How do I pray?

Lewis DoylePosted on Monday, February 1st, 2016 by Lewis Doyle

Introduction

We live in a day of communication and we have so many options to communicate with people. Maybe we can think of a few and perhaps how they represent our communication.

Types of communication today:

  • Telephone – when we can’t be with someone but want to have a personal chat.
  • Email – quite impersonal. My email inbox is typically full of instructions or information. Usually about a product or service.
  • Text Message – like an email but when an urgent response is wanted.
  • Social Media – when we want everyone to know our message.
  • Letter – when we can’t be with someone but want an intimate medium to express our thoughts.
  • Face to Face – the best way.

I find sometimes when I pray, my prayers can be similar to some of those above:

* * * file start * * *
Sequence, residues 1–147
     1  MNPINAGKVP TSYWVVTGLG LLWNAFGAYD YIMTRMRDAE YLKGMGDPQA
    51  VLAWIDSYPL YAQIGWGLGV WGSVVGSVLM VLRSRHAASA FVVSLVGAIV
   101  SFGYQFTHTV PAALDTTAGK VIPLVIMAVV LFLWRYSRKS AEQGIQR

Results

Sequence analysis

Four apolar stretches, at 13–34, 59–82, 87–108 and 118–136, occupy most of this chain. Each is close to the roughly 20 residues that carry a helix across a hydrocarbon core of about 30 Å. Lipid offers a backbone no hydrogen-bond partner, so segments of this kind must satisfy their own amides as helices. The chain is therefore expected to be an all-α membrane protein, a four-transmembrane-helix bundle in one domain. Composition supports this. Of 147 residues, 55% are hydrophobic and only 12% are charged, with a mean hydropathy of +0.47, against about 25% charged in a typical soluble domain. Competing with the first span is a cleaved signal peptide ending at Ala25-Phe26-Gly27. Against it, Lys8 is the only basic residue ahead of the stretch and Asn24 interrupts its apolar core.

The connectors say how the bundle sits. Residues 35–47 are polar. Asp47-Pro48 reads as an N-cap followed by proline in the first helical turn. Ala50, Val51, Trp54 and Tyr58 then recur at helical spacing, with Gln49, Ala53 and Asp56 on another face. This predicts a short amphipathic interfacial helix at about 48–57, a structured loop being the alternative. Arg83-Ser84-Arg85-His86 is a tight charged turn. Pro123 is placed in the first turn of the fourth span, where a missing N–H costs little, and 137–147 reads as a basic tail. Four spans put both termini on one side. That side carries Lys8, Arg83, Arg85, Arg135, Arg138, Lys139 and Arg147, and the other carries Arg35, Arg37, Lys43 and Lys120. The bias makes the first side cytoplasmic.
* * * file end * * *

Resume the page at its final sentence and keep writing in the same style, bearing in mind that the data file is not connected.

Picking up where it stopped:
• The Prayer – email – or ‘premail’ – : a short instruction to God – “please let there be a parking space, thanks”.
  • The social media “I just thought I&rsquo’d let the whole group know I’ve been diligently praying for XYZ”.

Do we reserve the telephone and letter for when we want something from God, or are all of our prayers personal and emotionally invested?

We’re shortly approaching valentines day (at the time of writing). For us men that like to consider ourselves romantic, we might send flowers or a card to our beautiful valentines. I’m not sure Romeo would be considered the model of romance if his expression of love was limited to a text message…. How do we express our gratitude and thankfulness to God in prayer?